Re: Are ABCs an anti-pattern?
On 12-10-05 12:58 PM, Trent Nelson wrote:
> I like them. In particular, I like that I can enumerate all the
> subclasses that happen to implement the ABC via the metaclass's
> __subclasses__() method.
As long as you have a common base class (which in your case is a
requirement), then __subclasses__ works for introspecting child classes.
It doesn't *really* have anything to do with abcs.
> I also like that I can trust Python
> not to instantiate a subclass of an ABC unless it meets all the
> interface criteria I've stipulated.
Another way to read this is that you don't trust those using your code
to be bright enough to understand what your code is doing and what it
requires. In my mind, this seems to somewhat contradict the philosophy
of "we're all consenting adults here". Whether you utilize interfaces or
not, code should be documented. Your documentation would be responsible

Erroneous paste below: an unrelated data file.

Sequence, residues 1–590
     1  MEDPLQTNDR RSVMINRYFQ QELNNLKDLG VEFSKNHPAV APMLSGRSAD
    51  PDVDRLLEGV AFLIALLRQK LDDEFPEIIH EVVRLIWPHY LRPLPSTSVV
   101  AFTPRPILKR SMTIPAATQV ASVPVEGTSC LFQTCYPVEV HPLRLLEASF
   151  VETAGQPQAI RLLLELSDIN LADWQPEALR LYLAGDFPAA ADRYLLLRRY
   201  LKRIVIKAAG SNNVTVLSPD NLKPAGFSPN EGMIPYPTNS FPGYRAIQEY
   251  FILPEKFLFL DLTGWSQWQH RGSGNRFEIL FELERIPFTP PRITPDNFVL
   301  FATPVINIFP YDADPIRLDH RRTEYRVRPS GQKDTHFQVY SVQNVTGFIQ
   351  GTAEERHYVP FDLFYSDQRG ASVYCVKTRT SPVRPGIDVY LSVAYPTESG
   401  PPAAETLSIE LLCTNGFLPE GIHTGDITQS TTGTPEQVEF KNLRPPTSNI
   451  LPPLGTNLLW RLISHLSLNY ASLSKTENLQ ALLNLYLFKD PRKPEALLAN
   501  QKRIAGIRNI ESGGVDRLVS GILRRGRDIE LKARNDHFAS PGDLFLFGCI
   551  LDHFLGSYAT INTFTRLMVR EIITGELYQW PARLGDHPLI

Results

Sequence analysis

for laying out the expected interface (again, whether you're using the
interfaces or not). Code would fail at some point if a requirement on an
interface hasn't been filled. The *one* nice thing is that it'll error
on import rather than execution time, but to me, if your code is unit
tested, then all these things should be caught almost immediately anyway.
From my experience (again, *only* talking about Python here), it seem
to me that less is generally more. Less code means less things to read
and tie together, making it easier to grok overall (not to mention less
overhead for the interpreter, but that's virtually moot due to the
*very* little overhead in 99% of cases of uses features such as abcs).
Using abcs not only lends itself to code bloat, but it also leads to
over-engineering as once you fall into old OOP habits, you start getting
back to un-Pythonic code (pretty subjective statement, I know :)).
Again, please don't misunderstand my intentions here. I'm not arguing
the need for abstract base classes in a strict OOP world. I'm arguing
them as not genuinely being Pythonic.
Thanks for your the feedback so far.
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